Fitter, faster, stronger

It’s the name of the first Bold Thinking Series lecture for 2019 at the State Library on 14 March and my former team and I had managed to nominally program most of this year’s content late last year including having some initial meetings regarding this event. People are living longer (and stronger) and in many ways, we need to prepare for the 100-year life as a new kind of normal. The Bold Thinking event will consider whether we’re overdoing sporting excellence but in a country where overweight and obesity have been on the rise, I tend to think it’s the opposite in many ways. I also read the news last night about Julie Bishop resigning from Parliament and am really glad I got the opportunity to work with her on one of her last public events as a working politician last November. It is a loss for Australian political life and I hope there may be someone like her who advances in the ranks sometime soon.

I’ve been in my new job in the Advancement Office (as it will soon be known) at La Trobe for a month now and I’ve been really enjoying it. My head has started to spin less as things become more familiar and I’ve started crafting a more strategic communications approach in terms of engaging Young Alumni (graduates Under 35 years) this year and beyond.

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Speaking of fitness – I’ve walked past the new Wellness Station on Burgundy Street in Heidelberg – it’s been beautifully kitted out and offers reformer, mat pilates and barre classes in terms of exercise physiology if you’re interested in giving it a go.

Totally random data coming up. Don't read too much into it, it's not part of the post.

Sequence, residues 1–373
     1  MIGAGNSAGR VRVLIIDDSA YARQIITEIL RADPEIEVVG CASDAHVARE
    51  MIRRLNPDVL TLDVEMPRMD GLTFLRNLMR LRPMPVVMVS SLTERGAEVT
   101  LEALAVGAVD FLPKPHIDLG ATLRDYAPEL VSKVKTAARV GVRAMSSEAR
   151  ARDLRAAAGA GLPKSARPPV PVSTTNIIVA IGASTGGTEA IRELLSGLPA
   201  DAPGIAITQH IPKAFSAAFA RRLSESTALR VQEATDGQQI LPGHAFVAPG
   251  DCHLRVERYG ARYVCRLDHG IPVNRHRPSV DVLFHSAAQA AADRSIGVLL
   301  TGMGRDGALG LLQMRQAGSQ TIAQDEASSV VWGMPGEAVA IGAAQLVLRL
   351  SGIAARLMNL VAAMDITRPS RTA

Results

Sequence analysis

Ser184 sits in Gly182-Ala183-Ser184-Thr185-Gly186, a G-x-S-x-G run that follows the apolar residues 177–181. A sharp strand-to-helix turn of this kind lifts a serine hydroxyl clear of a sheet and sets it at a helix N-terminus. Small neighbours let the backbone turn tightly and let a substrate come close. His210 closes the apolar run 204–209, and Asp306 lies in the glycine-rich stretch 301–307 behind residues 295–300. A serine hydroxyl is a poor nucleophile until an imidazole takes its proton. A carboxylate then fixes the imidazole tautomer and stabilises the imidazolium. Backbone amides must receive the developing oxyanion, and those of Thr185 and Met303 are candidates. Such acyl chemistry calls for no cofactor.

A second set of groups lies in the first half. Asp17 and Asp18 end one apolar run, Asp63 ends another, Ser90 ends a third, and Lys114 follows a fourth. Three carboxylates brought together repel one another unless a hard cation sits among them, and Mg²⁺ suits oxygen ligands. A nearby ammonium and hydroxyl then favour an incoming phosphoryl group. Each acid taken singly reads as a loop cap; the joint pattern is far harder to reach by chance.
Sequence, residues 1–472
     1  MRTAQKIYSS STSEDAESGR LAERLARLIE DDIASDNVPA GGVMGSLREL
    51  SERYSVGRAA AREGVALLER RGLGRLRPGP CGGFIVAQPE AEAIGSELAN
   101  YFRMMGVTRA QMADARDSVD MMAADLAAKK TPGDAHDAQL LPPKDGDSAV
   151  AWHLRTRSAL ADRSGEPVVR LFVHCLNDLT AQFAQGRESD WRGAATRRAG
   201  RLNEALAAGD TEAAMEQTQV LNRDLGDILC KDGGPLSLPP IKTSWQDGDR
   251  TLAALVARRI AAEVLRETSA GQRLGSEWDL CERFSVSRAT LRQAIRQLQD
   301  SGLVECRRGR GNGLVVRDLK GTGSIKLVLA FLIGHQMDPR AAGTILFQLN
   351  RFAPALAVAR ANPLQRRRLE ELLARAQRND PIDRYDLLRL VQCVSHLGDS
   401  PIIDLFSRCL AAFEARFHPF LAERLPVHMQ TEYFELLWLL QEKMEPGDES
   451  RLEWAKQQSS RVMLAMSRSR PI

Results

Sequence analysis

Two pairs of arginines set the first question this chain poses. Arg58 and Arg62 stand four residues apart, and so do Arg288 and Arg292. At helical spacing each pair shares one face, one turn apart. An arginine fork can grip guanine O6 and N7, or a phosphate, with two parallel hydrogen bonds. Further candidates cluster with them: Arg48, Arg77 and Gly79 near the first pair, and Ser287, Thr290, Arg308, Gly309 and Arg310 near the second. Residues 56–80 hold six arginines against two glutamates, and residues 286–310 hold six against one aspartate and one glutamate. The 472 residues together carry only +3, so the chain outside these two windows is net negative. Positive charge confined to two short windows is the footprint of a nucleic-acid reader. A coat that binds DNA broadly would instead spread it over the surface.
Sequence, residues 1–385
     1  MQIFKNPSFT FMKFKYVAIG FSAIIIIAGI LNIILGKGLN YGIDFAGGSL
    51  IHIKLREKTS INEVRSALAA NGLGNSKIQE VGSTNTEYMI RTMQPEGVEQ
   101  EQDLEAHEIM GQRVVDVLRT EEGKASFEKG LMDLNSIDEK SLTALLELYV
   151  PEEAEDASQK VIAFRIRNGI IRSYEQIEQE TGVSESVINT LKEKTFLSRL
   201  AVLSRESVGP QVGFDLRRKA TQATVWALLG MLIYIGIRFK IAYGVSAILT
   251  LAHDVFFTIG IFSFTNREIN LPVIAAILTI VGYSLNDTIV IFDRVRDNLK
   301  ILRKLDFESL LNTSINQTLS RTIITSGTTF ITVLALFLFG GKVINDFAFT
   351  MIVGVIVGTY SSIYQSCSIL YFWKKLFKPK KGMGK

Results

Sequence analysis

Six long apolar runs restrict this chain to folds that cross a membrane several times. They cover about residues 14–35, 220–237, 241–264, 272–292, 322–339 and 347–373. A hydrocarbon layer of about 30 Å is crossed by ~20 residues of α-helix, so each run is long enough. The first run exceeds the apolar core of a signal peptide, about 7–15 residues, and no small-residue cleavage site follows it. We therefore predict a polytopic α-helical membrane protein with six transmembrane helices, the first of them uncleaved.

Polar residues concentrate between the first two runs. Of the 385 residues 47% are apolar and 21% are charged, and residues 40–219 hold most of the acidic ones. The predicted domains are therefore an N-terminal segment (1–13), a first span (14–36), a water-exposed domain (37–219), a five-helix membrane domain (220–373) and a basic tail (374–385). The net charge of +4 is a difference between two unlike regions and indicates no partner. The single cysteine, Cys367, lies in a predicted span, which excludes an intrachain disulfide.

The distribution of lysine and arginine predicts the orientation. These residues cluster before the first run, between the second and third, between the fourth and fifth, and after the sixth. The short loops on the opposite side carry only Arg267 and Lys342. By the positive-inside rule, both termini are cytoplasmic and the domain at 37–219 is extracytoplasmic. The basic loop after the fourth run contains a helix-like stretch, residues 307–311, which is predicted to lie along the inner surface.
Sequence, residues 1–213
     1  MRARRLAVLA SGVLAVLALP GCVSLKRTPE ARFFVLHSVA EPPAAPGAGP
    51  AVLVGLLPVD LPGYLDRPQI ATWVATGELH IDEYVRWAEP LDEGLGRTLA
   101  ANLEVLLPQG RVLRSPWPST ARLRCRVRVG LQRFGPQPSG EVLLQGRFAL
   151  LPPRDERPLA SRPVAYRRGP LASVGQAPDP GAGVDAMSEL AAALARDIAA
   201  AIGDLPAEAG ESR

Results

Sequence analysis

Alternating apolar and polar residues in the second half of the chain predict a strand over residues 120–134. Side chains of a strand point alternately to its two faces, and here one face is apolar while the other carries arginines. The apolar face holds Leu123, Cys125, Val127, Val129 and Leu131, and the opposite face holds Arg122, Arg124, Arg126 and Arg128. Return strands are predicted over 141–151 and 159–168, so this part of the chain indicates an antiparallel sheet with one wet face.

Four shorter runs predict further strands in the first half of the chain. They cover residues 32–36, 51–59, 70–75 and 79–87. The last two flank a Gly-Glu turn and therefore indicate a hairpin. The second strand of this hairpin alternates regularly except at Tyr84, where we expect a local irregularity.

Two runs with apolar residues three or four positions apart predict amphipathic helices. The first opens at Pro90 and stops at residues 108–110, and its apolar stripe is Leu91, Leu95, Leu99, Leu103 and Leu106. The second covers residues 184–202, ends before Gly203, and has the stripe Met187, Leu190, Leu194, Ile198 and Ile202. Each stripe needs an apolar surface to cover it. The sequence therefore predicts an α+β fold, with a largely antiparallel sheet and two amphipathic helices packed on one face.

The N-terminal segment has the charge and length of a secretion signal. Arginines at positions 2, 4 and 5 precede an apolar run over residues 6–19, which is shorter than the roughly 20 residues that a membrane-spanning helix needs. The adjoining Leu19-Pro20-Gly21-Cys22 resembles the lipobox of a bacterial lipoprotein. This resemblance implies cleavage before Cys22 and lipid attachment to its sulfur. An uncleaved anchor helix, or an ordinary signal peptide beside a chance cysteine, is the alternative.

Healing Practices – a new exhibition which explores contemporary art’s relationship to the compensatory and copying mechanisms borne in response to trauma also opens at the Bundoora Homestead Art Centre on 7 March and runs until 5 May. Perhaps a good one for us all in terms of examining our attitudes towards mental health and self-care.

A couple of other local events to mention too today. If you’ve got a toddler in the house then the Banyule Kindergarten Open Day is on tomorrow. Mr Rosanna and I were never thinking that far ahead before we moved to the area but some people have already decided on high school and want their children to go to the feeder kinder to the feeder primary school that then feeds into their chosen secondary school. At any rate, it’s a good exercise in finding out what’s closest or most convenient for you and if you can walk there or avoid going down major roads, that’s always a bonus.

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At the other end of the spectrum if you have a classic car lover in your circle Springthorpe’s 6th Annual Classic Car Show is being held on Saturday 10 March at the Village Common in Macleod. I’ve always loved the look of vintage Volkswagen Karmann-Ghias although I think it would be handy to have the inner mechanic in you if you ever bought a vintage car.

 

 

The A Team

If you’re returning to school or work this week, then good luck! If it’s a week of firsts for you like it is in my family, then I will be thinking of you.